"Might" is given lip service further into the story. After the Durand's have finally crashed their own car, they make passage by working on a garbage truck, an effective up-ending of cultural norms. As they gather up trash, the workers who have taken charge, one a black man and the other white (Omar Diop and Laszlo Szabo), share their belief that only a violent revolution is going to make a difference. The pacifism of the flower child movement is not going to cut it. As a symbol of their unity, the black man speaks for the white man, and vice versa, with Godard setting his frame on the face of the man being spoken for, not the one speaking, making their two voices one.

Weekend is basically a string of parables, an extreme take on The Decameron or The Canterbury Tales, or even Pilgrim's Progress: it's a journey that makes pit stops within more individual stories. Godard's script is a dismantling of consumerist culture and class politics, and civilization breaks down the farther the Durand's travel. In another ironic twist, they become less human the fewer automobiles there are running. Earlier, cars and other purchasable products and pop culture fantasies are shown to be more important than God--whom they have possibly met, though he's now a dangerous highwayman who has stepped straight from the Bible into an Alexandre Dumas novel--but once the Durand's lose their car, they are forced to barter with ideas. Give that they are short on ideas, they get stuck. It's a moment straight out of Beckett, with two vagabonds on the curb unable to conjure up any legitimate truth, brutalized for their own lack of purpose.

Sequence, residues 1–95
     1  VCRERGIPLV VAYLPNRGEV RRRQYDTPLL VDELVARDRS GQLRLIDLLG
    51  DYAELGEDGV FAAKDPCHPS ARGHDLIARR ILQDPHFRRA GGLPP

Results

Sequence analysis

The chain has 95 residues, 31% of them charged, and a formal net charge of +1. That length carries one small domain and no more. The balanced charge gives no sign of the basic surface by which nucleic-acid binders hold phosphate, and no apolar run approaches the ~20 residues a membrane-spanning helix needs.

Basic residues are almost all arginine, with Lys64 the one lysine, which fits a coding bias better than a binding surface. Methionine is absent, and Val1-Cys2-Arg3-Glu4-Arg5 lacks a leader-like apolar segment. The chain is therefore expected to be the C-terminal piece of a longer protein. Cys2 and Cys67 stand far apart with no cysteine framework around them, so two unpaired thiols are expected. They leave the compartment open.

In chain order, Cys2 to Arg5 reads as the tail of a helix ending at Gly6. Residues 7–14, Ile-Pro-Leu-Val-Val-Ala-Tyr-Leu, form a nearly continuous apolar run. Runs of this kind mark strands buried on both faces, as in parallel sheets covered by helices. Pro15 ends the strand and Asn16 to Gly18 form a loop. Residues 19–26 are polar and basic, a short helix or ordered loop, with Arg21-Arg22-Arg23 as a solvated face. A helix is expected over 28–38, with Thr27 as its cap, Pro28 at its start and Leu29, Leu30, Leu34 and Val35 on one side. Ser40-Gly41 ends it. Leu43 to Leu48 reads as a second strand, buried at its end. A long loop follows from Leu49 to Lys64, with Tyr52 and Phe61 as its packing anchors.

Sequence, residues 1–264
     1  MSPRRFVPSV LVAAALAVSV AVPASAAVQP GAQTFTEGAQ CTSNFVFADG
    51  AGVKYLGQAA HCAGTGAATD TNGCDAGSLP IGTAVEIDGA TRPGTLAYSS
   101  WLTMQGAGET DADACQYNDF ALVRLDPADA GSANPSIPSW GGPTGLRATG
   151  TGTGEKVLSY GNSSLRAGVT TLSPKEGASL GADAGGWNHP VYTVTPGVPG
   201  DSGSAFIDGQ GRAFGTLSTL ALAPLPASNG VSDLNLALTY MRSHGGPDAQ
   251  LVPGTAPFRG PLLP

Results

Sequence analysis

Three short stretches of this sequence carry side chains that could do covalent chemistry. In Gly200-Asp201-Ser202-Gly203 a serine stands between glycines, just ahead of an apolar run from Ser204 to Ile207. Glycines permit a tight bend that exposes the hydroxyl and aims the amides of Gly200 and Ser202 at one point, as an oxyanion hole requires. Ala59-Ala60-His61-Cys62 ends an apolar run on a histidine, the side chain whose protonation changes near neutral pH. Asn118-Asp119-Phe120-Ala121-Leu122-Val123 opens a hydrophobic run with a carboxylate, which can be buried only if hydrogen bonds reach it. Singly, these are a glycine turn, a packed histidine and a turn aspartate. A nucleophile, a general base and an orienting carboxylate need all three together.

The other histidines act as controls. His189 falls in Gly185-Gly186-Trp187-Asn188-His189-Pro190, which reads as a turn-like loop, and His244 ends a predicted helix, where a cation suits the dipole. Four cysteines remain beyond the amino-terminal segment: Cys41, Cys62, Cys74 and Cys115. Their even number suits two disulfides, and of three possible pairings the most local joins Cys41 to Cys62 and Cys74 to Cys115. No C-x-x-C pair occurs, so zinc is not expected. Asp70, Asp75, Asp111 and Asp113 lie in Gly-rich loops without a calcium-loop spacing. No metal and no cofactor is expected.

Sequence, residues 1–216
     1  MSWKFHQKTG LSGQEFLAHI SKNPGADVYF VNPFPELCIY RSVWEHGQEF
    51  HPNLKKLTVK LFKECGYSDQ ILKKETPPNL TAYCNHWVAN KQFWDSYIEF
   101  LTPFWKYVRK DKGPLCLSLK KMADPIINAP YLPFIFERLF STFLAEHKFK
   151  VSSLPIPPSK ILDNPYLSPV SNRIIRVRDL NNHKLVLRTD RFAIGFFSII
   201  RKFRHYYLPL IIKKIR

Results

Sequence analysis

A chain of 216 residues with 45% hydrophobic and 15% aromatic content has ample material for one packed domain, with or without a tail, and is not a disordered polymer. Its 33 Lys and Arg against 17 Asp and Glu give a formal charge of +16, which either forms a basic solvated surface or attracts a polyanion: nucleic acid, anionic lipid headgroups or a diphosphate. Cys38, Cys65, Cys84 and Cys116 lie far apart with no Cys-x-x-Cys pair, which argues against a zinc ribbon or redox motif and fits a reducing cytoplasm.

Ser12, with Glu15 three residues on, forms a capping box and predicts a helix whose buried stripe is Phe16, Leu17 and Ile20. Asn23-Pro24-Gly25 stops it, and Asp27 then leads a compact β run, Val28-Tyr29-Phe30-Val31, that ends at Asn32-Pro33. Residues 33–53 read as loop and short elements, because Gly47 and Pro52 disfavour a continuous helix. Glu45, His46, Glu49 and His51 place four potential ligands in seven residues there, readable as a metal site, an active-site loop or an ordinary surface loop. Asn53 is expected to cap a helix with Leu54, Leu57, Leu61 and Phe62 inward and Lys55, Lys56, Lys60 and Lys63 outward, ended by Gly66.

"The horror of the bourgeoisie can only be overcome with more horror."